Wayne County Trials: State v. Robert Evans Sr. / State v. James Eldon Echols Jr.

25 February 2022

District Attorney Keith Higgins announces the results of two criminal jury trials held during the week of February 14-17, 2022, before Judge Kathy S. Palmer, in Wayne County Superior Court.

Robert Evans Sr., 58, from Wayne County, was convicted of Aggravated Assault and Possession of a Firearm During Commission of a Felony following the March 26, 2019, shooting death of his nephew, Spence Pearce Jr., 19, at his home in Screven. The shooting followed a physical altercation between the victim, Pearce Jr., and his other uncle, Marvin Evans, the brother of the defendant. Following the altercation, wherein Marvin Evans suffered a laceration with bleeding over each eye, he went into his bedroom, locked his door and called the police and his brother, defendant Robert Evans. The defendant drove from Jesup to Screven, arriving at the residence before the police. The defendant allegedly walked up to the porch with his gun in his hand and confronted his nephew, who had invited him up on the porch so he could tell him what happened. According to two eyewitnesses, who were both family members, the defendant pointed the gun at the victim, shot him without provocation, and then left the scene without checking on the victim or his brother. The defendant’s testimony at trial conflicted with that of the witnesses, and he claimed that the shooting was accidental and he never intended to shoot the victim.

The Wayne County jury deliberated and subsequently convicted the defendant of Aggravated Assault and Possession of a Firearm During Commission of a Felony and acquitted him of Malice Murder, Felony Murder and Voluntary Manslaughter. Judge Palmer deferred sentencing in this case, with sentencing expected in March 2022. Chief Assistant District Attorney Melissa Himes, who prosecuted this case, thanked the Wayne County Sheriff’s Office (WCSO) for their investigative work and support for the prosecution at trial, for both this case and the Echols case below.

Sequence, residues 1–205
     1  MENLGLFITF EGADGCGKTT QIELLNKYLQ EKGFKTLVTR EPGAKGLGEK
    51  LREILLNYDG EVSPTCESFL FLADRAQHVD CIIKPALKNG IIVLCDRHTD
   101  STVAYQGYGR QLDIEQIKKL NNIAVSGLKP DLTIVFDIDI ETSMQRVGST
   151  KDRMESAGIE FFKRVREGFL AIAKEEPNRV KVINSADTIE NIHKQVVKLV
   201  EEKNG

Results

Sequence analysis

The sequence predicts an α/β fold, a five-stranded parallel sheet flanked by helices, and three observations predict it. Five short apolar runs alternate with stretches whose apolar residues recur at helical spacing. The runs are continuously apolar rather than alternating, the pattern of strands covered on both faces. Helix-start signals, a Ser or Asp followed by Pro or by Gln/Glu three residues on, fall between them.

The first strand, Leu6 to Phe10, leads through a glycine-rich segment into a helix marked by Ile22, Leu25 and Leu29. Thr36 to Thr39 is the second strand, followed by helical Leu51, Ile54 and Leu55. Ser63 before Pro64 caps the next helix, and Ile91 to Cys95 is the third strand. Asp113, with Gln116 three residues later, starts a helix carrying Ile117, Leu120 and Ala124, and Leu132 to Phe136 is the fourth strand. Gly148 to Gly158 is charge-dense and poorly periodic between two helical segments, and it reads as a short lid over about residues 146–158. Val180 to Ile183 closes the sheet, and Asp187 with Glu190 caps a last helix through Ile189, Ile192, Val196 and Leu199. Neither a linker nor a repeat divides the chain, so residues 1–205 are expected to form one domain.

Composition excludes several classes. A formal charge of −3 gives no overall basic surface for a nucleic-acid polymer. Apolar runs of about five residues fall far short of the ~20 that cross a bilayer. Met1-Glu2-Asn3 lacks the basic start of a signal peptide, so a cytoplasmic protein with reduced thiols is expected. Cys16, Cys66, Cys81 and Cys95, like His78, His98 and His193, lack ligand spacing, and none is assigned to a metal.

In the second jury trial, in which Assistant District Attorney Christina Wascher represented the State, James Eldon Echols Jr., 40, from Ludowici, was convicted of Felony Fleeing and Attempting to Elude, Driving without a License and a Taillight Violation, following an August 12, 2020, incident. During the incident, the defendant attempted to flee WCSO Deputies Timothy Hillyard and William Chitty, who observed him driving his motorcycle without a working taillight on Highway 23 North. Concerned for the driver’s safety, the deputies activated their emergency lights and siren to effect a vehicle stop. The defendant turned onto Doctortown Road and accelerated to speeds in excess of 100 mph, in an attempt to flee and elude the deputies. The deputies caught up with the defendant when he turned around and stopped on the side of the road facing in the opposite direction. As he attempted to flee again, the defendant sideswiped a patrol vehicle and the deputies apprehended him.

Following jury deliberations, Echols was convicted of Felony Fleeing and Attempting to Elude, Driving without a License and a Taillight Violation, and acquitted of Driving with No Insurance. Judge Palmer sentenced Echols to two years with 240 days to serve on the Fleeing charge; 12 months probation to run consecutive with drug treatment on the Driving without a License charge; and, he was fined $122.00 for the Taillight Violation.

Members of the media with further questions may contact the Brunswick Judicial Circuit District Attorney’s Office at 912-554-7200.

Open Records Act Request: Pursuant to O.C.G.A. 50-18-71(b)(2), the Open Records Officer for the Brunswick Judicial Circuit District Attorney’s Office is Cathy Browning. Written requests should be submitted to her via email at cbrowning@pacga.org or by mail to the Brunswick Judicial Circuit District Attorney’s Office, Attention: Cathy Browning, 210 E. 4th St., Woodbine, GA 31569.
Media Policy: The Brunswick Judicial Circuit District Attorney aims to scrupulously follow the Georgia Rules of Professional Conduct. The office is not ethically allowed to answer many questions posed by reporters, whatever the journalistic merit. The office cannot, for example, discuss an accused party’s criminal history or speculate about the impact of a particular piece of evidence. These rules are in place to ensure a defendant’s rights to a fair trial and the presumption of innocence until proven guilty.